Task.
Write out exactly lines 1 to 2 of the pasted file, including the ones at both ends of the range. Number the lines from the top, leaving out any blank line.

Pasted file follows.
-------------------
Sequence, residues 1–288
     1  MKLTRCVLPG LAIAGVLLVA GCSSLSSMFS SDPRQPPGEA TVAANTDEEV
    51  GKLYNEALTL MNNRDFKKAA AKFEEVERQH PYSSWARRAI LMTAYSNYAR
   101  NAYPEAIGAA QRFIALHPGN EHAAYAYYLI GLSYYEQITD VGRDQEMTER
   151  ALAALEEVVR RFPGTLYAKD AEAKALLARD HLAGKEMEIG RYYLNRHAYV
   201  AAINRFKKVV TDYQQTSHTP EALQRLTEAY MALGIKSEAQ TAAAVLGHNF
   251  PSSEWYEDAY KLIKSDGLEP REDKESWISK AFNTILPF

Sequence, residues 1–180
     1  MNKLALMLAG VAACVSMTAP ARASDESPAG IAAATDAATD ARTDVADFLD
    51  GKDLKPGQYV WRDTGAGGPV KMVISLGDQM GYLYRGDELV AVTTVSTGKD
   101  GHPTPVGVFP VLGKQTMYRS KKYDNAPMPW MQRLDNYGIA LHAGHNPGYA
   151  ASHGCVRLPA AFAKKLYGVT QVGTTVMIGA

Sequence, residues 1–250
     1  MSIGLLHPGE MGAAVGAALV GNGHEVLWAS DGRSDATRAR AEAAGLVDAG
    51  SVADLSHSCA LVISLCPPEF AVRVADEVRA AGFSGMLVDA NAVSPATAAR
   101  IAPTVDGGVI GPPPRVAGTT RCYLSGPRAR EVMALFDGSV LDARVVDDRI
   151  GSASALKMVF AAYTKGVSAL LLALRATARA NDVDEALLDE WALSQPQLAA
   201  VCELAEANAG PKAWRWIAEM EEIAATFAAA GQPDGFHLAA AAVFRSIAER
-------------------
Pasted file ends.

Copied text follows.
Sequence, residues 1–288
     1  MKLTRCVLPG LAIAGVLLVA GCSSLSSMFS SDPRQPPGEA TVAANTDEEV